If your medical education was anything like mine, chances are you learned to incorporate hip testing into every newborn exam, but the evidence base to support that common practice is uncertain. "Common Questions About Developmental Dysplasia of the Hip," an article in the December 15 issue of AFP, includes a discussion about the varied hip dysplasia screening recommendations by the United States Preventive Service Task Force (USPSTF), the American Academy of Family Physicians (AAFP), the American Academy of Pediatrics (AAP), and the Pediatric Orthopaedic Society of North America (POSNA).
The USPSTF gives screening for developmental dysplasia of the hip (DDH) an "I" recommendation:
There is poor evidence (poor quality studies) of the effectiveness of both surgical and non-surgical interventions; avascular necrosis of the hip (AVN) is reported in 0% to 60% of children who are treated for DDH. Thus, the USPSTF was unable to assess the balance of benefits and harms of screening for DDH but was concerned about the potential harms associated with treatment of infants identified by routine screening.The AAFP concurs with the USPSTF:
The AAFP concludes that the evidence is insufficient to recommend routine screening for developmental dysplasia of the hip in infants as a means to prevent adverse outcomes.Although the AAP agrees that the quality of available studies was low, they came to a different conclusion:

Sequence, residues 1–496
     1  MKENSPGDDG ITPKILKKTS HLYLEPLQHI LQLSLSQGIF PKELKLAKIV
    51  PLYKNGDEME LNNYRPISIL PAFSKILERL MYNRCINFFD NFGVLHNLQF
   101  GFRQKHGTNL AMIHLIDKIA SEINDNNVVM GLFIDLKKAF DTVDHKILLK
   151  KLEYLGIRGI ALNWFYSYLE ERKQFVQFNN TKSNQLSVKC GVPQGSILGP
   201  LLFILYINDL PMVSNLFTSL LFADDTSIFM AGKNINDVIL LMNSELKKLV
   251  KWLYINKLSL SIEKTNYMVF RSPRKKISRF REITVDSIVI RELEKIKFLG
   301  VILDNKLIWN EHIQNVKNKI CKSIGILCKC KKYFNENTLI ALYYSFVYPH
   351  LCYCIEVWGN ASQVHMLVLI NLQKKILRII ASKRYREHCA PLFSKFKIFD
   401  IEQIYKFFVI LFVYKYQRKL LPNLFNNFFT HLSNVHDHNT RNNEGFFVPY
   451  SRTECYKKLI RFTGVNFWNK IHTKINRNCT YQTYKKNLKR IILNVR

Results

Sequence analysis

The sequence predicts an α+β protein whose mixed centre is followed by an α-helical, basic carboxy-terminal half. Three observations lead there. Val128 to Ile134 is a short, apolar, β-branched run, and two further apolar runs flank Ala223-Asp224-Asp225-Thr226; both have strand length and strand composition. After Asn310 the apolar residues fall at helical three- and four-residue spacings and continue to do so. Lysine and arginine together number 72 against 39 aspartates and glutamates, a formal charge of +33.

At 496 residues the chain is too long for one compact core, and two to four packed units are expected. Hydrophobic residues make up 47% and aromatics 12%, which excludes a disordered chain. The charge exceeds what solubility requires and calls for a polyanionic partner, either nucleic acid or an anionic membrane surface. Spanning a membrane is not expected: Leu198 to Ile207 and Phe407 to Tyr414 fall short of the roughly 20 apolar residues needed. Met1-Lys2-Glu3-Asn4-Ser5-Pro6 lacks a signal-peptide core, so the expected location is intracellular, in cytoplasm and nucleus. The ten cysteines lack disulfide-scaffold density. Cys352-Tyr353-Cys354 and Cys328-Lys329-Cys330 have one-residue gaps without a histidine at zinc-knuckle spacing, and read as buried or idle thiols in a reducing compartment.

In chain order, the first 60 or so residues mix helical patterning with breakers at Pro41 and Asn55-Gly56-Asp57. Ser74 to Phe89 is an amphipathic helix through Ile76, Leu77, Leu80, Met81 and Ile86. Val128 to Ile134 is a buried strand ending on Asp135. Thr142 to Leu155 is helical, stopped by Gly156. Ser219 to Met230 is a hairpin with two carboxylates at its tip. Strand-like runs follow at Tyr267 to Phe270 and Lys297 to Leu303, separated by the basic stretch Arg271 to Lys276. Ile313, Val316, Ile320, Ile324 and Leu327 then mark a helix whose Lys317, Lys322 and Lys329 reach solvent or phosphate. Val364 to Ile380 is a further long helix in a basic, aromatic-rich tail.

There were few controlled trials and few studies of the follow-up of infants for whom the results of newborn examinations were negative. When the evidence was poor or lacking entirely, extensive discussions among members of the committee and the expert opinion of outside consultants were used to arrive at a consensus..... [emphasis in original]And, the POSNA aligns with the AAP:
The Pediatric Orthopaedic Society of North America recommends that all health care providers who are involved in the care of infants continue to follow the clinical practice guideline for early detection of developmental hip dysplasia (DDH) outlined by the American Academy of Pediatrics.When medical organizations' recommendations differ, family physicians can be left wondering who to follow and what to do. Considering each organization's goals and process for developing recommendations can help. The USPSTF and AAFP typically will not make a recommendation in the absence of high-quality studies, therefore setting the bar high to receive anything but an "I" (insufficient evidence) recommendation. The AAP and Pediatric Orthopaedic Society, however, are more comfortable providing a recommendation based on expert opinion and lower-quality studies.
We strive, in this age of evidence based medicine (EBM), to base our clinical decisions on high-quality evidence. When high-quality evidence is lacking, however, we must rely on what we do have to make decisions; in this case, on expert opinion and lower-quality studies. In the absence of high-quality studies, reasonable physicians may also be expected to disagree about how to interpret what is available. The practice of EBM does not seek to eliminate individual clinician judgment, and each of us is left to determine how to put into practice what evidence and expert opinion currently exists. There's an AFP By Topic on Neonatology/Newborn Issues if you'd like to read more.
What is your practice regarding screening infants for DDH?